Superpowers: we’ve all imagined having them and what we would do with an extraordinary skill. Would you fly? Choose to be invisible? Have exceptional strength? Time travel? The options are vast.
Ask 13-year-old Matthew what it’s like having superpowers.
Matthew draws “Cool Man”– an original cartoon character doing hero-like things. Cool Man has no limits, and he can do things Matthew cannot. His alter ego was invented in therapy after his parents divorced over five years ago. And these superpowers help him express his emotions through tough times.
With his creativity, it’s no surprise Matthew was drawn to take the seven week art course offered by United Way of Greater New Haven at Clinton Avenue School.
United Way brought this programming to the school through our partnership with New Haven Trauma Coalition. The class is taught by an instructor from Arts For Learning CT, where students are given the opportunity to learn through the arts by engaging in dance and music, storytelling and theatre, and digital and visual arts.
The students work on Chromebook laptops and are taught by local New Haven artist Jennifer Rae Cherrington, one of the teaching artists from Arts For Learning. She asks students to choose between making a movie trailer about themselves or an animated character, and helps them through the creative design process. Matthew brought his Cool Man sketch to life as a computer animated character.
“The kids already have a natural ability and language to work with these programs,” said Cherrington.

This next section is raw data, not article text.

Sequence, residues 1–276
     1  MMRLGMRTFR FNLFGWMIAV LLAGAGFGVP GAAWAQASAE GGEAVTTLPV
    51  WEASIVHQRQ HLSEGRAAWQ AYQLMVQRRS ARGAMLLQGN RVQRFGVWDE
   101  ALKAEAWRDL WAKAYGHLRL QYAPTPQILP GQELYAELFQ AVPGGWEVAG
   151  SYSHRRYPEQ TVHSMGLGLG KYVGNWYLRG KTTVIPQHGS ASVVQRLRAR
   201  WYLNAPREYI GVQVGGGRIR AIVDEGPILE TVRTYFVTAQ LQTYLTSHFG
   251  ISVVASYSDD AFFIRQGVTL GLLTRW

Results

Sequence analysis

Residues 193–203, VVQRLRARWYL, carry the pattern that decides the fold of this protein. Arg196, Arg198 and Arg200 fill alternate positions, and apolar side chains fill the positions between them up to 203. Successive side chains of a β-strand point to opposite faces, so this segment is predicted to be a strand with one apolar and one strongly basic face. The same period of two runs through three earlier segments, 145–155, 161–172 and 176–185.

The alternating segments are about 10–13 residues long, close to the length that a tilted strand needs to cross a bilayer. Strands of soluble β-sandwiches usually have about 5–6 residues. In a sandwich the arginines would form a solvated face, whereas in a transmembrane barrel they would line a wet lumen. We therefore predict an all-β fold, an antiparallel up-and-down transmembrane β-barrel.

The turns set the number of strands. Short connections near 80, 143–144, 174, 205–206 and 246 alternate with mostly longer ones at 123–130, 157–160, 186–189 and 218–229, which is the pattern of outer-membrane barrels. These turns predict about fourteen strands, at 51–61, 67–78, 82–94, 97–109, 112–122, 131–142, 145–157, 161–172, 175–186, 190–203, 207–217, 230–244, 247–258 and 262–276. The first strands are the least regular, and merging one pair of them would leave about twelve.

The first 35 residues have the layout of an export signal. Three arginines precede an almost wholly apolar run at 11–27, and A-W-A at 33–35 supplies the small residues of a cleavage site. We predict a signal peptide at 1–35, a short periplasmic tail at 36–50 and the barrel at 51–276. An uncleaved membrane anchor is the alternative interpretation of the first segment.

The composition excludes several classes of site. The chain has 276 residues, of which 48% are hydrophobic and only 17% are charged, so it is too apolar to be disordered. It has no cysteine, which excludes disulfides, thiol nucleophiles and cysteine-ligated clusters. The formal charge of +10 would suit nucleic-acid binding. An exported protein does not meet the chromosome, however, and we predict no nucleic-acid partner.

The hands-on experience gives them exposure to high end computer software programs, like Adobe, that aren’t typically offered until high school.
“My favorite thing is seeing that the kids connect with something that [can] be a career for them in the future, something they like doing.”
Matthew’s mother, Dominique, says the class is well suited for him with his love of drawing and artistic side. She is also encouraged that United Way is bringing trauma-informed programs to Matthew’s classroom and school, helping him, but also teaching all of his classmates the importance of recognizing and dealing with difficult emotions. And she firmly believes having an avenue for expression is important.
“Everybody has something that they are good at, but not always the opportunity or instrument to demonstrate that. But [it’s important] to have a creative outlet,” said Dominique. “There are many things you learn through music, through art, through dancing that you can’t get just from a book.”
For Dominique, she couldn’t be more proud that her son is flourishing both creatively and academically. The youngest of five children, Matthew has defied the odds. Born a micro-preemie at 1 lb 7 ounces, Matthew has not only overcome physical limitations, but emotional challenges as well.
From kidney issues and renal failure, to eye surgeries, to his parent’s difficult divorce, you wouldn’t know what Matthew has gone through by simply looking at him. He’s a typical seventh grader with a love for drawing, penmanship, basketball, and reading.
But what’s special about him is his strength and ability to bounce back. And what he doesn’t know yet is that this skill far surpasses any fictional character or superhero’s powers.